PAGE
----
While the work on this commission was going on, I decided not to react to the comments because:
Firstly, I did not know how this commission will turn out (the possibility of a failure was hanging above my head, and I think I was the only one who was absolutely not sure about the outcome of this commission. I think most of the people who left a comment where sure that the final result will be “fantastic”. I wish I had the same amount of optimism about my own work as they did).

Secondly, I was hoping that the posted sketches, and the final drawing, would give the best answer to most of the questions and comments.

All in all, this was a very useful experiment and a great experience. Apart from the insights that I have gained about the way others perceive us and our creations, as well as becoming more aware of my own faults, the most important conclusions of this commission were the following two things:

Am I satisfied with my own work? Did I achieve my own objectives?
And, is the client pleased with the results?

Well, having in mind that I was drawing somebody else’s character and have been “visiting” somebody else’s world, I must say that I am satisfied, although I realize that there are a few things that I could have done better.

As for the client ( in this case it is Gregg Spatz from the US, an art collector with great passion for art and a sophisticated taste), upon seeing the final drawing he wrote to me: “…the drawing is exactly what I had expected from you and maybe even more…”.
At the end I would like to point out an important thing. Because Death Dealer is  a famous Frazetta character, some people expected me to approach the drawing as Frazetta would do.  My Death Dealer drawing is in fact an homage to the Master, rather than a copy of his character. I am not (and don’t want to be) an epigone of another artist. I am an independent creator with his own vision, and his own abilities.
I think it is better to be a lesser-Meseldzija, that a lesser-Frazetta. One Frazetta in this world is more than enough. What we need ( generally speaking) are new visions, new approaches, new roads that will lead us to Rome, so to speak.
Have a great day!

13 comments:

  1. This is an excellent post (as usual). The walk through of the process of 'finding' the final image is fantastic. Non-artists don't appreciate the work that goes into composing an artwork and I foolishly sometimes count the amount of 'searching' I do against myself. It's so good to see professional artists confidently showing the world this is how it's done. Thank you. Inspiring.

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  2. It was tremendous fun watching this drawing grow. Perhaps the best part was observing how you dealt with comments and suggestions. It is a great lesson for students especially those who try to take and implement every suggestion given. It is rarely possible. You accomplished this with your usual good grace and finished a wonderful drawing.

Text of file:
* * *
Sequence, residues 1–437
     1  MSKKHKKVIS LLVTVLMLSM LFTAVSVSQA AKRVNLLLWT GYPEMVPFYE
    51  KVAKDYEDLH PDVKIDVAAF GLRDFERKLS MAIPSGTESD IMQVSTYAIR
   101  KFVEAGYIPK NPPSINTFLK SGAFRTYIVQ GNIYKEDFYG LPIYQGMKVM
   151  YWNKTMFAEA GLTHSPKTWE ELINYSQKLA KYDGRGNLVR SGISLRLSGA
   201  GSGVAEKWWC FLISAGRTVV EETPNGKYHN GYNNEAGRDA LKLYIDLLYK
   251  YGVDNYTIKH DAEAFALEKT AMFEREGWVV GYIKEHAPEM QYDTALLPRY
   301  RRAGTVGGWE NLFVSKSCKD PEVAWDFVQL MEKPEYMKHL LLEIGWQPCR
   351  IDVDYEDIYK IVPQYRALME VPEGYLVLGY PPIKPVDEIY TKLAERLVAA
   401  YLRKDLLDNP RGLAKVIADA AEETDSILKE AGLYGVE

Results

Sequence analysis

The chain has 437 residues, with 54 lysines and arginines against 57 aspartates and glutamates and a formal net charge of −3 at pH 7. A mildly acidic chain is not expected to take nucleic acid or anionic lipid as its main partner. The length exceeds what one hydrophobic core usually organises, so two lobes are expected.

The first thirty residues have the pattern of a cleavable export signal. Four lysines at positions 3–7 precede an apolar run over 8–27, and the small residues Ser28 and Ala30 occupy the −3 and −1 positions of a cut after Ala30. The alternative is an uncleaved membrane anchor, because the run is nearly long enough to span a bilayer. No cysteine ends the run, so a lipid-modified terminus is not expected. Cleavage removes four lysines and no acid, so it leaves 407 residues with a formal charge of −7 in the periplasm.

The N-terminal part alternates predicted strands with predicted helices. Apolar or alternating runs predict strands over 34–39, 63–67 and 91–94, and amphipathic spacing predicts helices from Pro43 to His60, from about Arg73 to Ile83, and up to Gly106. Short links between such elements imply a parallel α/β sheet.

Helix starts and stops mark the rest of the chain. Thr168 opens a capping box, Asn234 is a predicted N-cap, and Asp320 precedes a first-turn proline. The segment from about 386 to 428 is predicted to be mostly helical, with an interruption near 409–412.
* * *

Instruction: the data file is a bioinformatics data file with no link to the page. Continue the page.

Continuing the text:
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  3. Fantastic post, many thanks.

    It's fascinating to see how you travel from the first sketches, through several different versions, and into the final.

    I'd be interested to know what size the drawing is.

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  4. Awesome, thanks for sharing your process Petar!

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  5. I love your work SO much. You inspire me to be a better artist.

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  6. Bravo- thanks for sharing the process with us!

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  7. As you probably suspect, I spend much time and energy composing my posts (because I think that blogging is (or should be) a serious business) , and although I am not TELLING you how to be a better artist, I always hope that my humble words and pictures might be inspiring to some degree. Therefore I am truly happy when somebody says: “ …You INSPIRE me to be a better artist!”
    Thanks for letting me know what you think of my posts, guys! As Dan Dos Santos recently said: “Your encouraging words and intelligent input are what keep us going”.

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  8. Sam – the size of the drawing is 16 ½ x 12 ½ inch

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  9. That is a very nice drawing! Much effort went into it and the result is definitely a 'Meseldžija', not a Frazetta.

    Quite glad you didn't go with the alternative pose. In Frazetta's version there is no way the Death Dealer could strike down and have his arms not be caught by the horns of his helmet. In your sketch it isn't a problem, but it would still be a reminder of this mistake by Frazetta :-)

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  10. Petar,

    Excellent post and love the progressions. The image is wonderful and a tough one to do since it is such an iconic figure as was Frank.

    He would often say " why be a second rate me (Frazetta) when you can be a first rate you"

    Well, you are a first rate you and he would have loved the image........just as we all do. My opinion anyways.....

    Thanks for sharing the image and process.

    All the best

    Tracy